The medical algorithm proposed by León-Román et al to diagnose acute exacerbations of IPF starts with clinical suspicion of one. Does the patient have an established diagnosis of IPF? Is progressive dyspnea one of the patient’s symptoms? What findings does a physical chest exam yield?
The next step is to carry out complementary tests, such as ECGs, chest x-rays, blood tests, arterial blood gas tests, and blood cultures, to better help physicians come up with a list of differential diagnoses. If common lung pathologies, such as pneumonia, pneumothorax, and pulmonary embolism, can be ruled out, a chest CT should be ordered. If new bilateral ground-glass opacification and/or consolidation superimposed on a background pattern consistent with UIP is observed, then a diagnosis of an acute exacerbation of IPF can be made, and treatment begun.
Better Patient Care
If a physician was to follow the medical algorithm created by León-Román et al for diagnosing an acute exacerbation of IPF, the process from patient presentation to clinical management can happen a lot quicker, which would translate to better patient care.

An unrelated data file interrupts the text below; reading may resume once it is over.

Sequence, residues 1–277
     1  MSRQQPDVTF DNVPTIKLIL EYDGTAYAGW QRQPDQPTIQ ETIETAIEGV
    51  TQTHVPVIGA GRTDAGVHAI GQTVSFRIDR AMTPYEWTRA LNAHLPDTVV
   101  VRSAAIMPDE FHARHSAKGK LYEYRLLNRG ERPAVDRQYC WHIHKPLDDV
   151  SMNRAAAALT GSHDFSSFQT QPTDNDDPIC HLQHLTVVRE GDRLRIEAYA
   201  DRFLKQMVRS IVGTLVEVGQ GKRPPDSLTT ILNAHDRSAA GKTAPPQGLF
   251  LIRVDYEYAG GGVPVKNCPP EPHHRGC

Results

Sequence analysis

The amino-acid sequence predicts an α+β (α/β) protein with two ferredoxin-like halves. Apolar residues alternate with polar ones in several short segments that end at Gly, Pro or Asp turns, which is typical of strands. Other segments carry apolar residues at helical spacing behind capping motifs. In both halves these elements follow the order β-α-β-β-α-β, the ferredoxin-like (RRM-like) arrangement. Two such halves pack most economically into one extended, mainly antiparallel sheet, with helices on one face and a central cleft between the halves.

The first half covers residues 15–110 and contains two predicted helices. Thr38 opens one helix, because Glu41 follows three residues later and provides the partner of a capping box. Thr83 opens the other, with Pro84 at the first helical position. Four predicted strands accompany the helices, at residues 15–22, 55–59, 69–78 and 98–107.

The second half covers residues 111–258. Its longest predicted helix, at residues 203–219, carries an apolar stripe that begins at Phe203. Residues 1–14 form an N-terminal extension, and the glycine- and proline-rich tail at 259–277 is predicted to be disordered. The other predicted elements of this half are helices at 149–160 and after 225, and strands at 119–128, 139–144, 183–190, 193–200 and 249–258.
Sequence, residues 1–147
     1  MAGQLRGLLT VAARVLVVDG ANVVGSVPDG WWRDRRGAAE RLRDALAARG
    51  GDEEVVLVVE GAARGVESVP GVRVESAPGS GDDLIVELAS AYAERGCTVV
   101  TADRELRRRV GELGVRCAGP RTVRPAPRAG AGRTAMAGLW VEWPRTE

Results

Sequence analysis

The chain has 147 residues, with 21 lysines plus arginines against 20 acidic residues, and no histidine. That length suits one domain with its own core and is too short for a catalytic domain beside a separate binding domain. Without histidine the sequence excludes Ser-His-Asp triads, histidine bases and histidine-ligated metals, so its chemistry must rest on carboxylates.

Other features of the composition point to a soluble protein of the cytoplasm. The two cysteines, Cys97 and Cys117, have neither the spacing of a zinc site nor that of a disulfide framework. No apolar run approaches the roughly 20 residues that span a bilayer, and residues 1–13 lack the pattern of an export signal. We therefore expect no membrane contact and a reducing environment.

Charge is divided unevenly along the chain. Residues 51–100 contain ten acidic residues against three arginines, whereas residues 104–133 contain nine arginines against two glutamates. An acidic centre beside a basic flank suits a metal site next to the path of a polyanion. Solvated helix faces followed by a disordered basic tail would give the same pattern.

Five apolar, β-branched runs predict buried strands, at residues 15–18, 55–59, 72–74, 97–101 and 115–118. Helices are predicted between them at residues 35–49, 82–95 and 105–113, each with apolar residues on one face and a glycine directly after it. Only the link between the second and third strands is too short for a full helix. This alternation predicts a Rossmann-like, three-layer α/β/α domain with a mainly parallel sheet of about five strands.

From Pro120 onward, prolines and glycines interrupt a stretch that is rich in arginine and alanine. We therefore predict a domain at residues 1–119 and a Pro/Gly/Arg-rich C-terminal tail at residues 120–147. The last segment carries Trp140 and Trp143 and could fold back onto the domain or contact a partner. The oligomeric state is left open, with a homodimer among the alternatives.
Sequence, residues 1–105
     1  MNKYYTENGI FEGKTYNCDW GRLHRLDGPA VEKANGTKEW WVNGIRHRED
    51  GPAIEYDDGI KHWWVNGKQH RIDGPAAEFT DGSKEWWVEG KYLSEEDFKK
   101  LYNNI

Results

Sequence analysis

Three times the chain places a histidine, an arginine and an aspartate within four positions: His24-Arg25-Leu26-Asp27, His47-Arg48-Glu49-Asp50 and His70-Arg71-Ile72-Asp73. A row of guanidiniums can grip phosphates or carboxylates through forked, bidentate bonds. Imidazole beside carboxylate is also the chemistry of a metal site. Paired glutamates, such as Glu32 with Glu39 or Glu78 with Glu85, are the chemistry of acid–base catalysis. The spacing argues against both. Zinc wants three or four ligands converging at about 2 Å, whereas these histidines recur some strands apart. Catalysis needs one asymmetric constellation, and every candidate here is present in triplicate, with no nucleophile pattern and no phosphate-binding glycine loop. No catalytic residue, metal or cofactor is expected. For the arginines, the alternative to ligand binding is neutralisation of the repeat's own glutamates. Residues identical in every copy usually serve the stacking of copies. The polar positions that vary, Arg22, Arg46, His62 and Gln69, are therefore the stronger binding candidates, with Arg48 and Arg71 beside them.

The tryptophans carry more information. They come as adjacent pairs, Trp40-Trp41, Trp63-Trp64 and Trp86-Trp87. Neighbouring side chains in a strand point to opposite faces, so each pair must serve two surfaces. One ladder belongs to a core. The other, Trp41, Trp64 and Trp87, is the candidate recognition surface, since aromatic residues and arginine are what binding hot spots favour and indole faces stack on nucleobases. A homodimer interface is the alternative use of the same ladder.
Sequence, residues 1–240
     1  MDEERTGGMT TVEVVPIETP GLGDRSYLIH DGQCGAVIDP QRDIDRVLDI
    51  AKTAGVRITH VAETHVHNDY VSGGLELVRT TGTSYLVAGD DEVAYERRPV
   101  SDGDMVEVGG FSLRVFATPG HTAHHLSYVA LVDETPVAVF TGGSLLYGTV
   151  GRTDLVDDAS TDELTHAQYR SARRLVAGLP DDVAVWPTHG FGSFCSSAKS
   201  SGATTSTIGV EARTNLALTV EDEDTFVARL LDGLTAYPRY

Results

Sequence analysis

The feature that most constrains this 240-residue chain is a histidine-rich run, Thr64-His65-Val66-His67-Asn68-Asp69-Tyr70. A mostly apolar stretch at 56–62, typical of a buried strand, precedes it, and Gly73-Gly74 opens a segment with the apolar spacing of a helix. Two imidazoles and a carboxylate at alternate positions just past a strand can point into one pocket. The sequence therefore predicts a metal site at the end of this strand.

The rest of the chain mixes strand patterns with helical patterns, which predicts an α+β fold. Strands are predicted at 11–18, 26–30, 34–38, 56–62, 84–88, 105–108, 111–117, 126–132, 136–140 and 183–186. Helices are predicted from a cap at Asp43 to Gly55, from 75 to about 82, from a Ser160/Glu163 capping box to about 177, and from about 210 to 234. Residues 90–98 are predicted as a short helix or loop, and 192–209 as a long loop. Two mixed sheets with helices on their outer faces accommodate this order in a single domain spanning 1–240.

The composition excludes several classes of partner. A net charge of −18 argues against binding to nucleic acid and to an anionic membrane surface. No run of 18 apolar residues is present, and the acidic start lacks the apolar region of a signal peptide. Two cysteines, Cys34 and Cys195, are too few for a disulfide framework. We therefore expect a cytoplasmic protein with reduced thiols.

Read more about IPF treatment
“Currently there are no known risk factors for the development of acute exacerbations, other than lower functional vital capacity (FVC) and diffusing capacity of lung for carbon monoxide (DLCO) at baseline, and these events can occur at any point in the disease course regardless of underlying disease severity,” Munchel and Shea wrote. Hence, medical algorithms such as the one proposed by León-Román and colleagues can take a lot of the guesswork out of diagnosing conditions such as acute exacerbations of IPF.
León-Román F, Pintado-Cort B, Máiz-Carro L, et al. Acute exacerbation of idiopathic pulmonary fibrosis: an algorithmic approach to diagnosis and management. J Intern Med. 2021;289(6):930-932. doi:10.1111/joim.13225
Munchel JK, Shea BS. Diagnosis and management of idiopathic pulmonary fibrosis. R I Med J. Published online September 1, 2021.